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You don't often hear the words “endovascular thrombectomy”, but this incredible Australian innovation saved Karen’s life.

It was New Year’s Eve in 2016, and it was a normal day for Karen. Karen was a bit tired – something she’d noticed over the past few weeks – so she had a nap mid-morning. When Karen got up she had some lunch and then sat at the computer to play an online jigsaw.

Karen recalls, “The images were floating all over the screen and the mouse wasn’t working… My vision was actually going at this point but I didn’t realise. I also didn’t realise that the mouse wasn’t working because my arm wasn’t working… I turned around on the chair and then fell off.”

Paul, Karen’s husband, heard her fall and came inside. Paul recognised the F.A.S.T. signs of stroke – full right-side paralysis, difficultly speaking, her face had drooped. Paul knew time was critical, he called the ambulance, and the dispatcher stayed on the line until the paramedics arrived about 10 minutes later.

With her life hanging in the balance, Karen needed immediate treatment to survive. Thankfully, the latest innovations in stroke treatment gave her the best possible chance.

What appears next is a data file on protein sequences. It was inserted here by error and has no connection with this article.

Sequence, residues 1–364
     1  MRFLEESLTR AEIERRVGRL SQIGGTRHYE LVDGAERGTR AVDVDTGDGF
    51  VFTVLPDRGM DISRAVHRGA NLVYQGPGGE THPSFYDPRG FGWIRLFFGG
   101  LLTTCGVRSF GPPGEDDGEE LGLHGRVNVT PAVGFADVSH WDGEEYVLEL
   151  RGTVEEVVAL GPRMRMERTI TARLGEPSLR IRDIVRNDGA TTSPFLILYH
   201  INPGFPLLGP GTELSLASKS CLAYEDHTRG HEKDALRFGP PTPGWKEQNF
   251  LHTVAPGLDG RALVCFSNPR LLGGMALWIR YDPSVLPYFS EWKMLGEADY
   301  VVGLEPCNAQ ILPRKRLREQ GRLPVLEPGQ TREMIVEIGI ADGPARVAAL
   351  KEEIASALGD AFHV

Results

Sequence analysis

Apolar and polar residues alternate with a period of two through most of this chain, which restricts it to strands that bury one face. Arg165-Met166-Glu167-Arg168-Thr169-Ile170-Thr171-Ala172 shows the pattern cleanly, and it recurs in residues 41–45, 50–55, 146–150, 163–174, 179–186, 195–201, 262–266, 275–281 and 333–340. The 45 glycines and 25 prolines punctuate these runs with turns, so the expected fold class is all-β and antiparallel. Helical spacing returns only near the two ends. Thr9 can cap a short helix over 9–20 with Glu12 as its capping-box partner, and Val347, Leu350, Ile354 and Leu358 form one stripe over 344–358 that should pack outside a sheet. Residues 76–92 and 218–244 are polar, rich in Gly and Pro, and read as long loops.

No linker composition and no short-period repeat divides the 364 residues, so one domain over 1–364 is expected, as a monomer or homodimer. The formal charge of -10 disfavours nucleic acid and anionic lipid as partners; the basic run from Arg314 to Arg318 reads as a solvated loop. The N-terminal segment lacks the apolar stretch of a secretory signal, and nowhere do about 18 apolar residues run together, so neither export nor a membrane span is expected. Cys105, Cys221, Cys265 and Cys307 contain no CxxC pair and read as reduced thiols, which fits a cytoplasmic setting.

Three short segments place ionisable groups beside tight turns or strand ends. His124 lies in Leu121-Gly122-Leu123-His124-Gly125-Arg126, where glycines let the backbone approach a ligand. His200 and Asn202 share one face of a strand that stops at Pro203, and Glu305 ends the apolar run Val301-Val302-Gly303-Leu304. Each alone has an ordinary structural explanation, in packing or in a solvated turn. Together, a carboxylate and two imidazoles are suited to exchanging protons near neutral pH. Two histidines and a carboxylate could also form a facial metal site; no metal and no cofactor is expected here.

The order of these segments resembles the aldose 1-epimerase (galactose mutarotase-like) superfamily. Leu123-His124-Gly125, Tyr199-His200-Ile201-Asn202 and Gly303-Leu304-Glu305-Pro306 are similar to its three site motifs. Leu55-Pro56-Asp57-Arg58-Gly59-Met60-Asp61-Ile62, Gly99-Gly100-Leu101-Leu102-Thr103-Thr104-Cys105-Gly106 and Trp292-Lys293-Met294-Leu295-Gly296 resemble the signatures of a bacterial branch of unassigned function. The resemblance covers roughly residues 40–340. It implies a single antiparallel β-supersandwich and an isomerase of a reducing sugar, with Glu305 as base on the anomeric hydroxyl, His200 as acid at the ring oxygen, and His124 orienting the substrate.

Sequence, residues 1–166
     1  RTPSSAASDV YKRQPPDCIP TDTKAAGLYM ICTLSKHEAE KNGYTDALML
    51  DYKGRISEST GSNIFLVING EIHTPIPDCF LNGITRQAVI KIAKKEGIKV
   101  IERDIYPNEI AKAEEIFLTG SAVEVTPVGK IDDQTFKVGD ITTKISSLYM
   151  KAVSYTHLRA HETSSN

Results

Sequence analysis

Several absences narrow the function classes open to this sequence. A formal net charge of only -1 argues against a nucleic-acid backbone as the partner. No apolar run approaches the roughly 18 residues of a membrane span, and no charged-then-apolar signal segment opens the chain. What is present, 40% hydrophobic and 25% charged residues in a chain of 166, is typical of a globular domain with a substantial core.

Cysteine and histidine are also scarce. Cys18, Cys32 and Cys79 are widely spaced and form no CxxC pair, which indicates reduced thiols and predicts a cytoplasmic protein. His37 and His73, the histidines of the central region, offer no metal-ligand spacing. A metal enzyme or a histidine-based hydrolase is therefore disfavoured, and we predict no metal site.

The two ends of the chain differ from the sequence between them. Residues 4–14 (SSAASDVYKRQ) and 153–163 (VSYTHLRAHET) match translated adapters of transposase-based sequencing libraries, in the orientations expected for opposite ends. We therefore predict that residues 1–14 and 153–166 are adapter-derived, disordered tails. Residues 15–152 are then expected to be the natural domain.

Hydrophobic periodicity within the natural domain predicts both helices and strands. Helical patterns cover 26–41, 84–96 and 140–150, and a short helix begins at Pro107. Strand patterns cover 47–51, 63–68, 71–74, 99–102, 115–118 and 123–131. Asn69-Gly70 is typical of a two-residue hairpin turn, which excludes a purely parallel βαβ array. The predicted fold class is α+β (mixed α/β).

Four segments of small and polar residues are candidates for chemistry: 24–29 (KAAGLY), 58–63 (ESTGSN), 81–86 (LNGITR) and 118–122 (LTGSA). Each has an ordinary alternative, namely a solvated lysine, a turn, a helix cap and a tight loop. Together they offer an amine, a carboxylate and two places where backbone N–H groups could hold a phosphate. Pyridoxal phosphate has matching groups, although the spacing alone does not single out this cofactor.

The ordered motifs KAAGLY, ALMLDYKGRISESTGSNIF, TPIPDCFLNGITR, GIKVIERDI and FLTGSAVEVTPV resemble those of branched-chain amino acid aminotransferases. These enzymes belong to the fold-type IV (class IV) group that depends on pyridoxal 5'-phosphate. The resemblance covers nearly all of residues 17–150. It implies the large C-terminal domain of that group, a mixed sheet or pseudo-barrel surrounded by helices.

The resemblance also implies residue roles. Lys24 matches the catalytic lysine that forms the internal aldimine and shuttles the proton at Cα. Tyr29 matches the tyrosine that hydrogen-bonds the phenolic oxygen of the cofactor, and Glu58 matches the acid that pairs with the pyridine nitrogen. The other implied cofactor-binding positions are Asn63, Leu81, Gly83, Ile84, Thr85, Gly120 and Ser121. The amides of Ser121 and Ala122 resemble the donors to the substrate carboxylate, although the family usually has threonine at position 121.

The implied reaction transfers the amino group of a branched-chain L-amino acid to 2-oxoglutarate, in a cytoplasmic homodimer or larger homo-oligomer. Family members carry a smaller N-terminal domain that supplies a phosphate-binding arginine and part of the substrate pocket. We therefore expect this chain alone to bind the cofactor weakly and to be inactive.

“I was lying on the floor and the second paramedic was sitting on the chair,” Karen says, “And I’m thinking, “Why is she on her mobile phone playing?” Afterwards it dawned on me that she was actually using a tablet computer to send information to the stroke unit at the hospital!”

Alerting the hospital meant when she arrived she was able to bypass the emergency room and head straight in for a scan of her brain. Being taken in for the scan is the last thing Karen remembers before finding herself in post-op following the clot retrieval surgery. 

This procedure is a remarkable Aussie innovation. It was trialled with the support of a Stroke Foundation research grant, and is now recognised as the global-standard treatment in stroke care. 

And it meant that at 5.30pm, just hours after her stroke, Karen was sitting up in her hospital bed watching the fireworks as the New Year was welcomed in. She was very thankful to be alive.

When we ask Karen what she would like to say to the Australian researchers and doctors who developed the treatments that saved her life – made possible by YOUR donations – she says:

“I think they are absolutely fabulous… I used to work for a scientific company, and I know that the process from the conception of an idea to actually realising it is a long process that needs to be nurtured, and funded and encouraged.”

She adds, “The people who have those little sparks – how can we treat this, how can we improve this. These people need all the support they can get.”

A breakthrough is imminent,
but we can’t do it without you.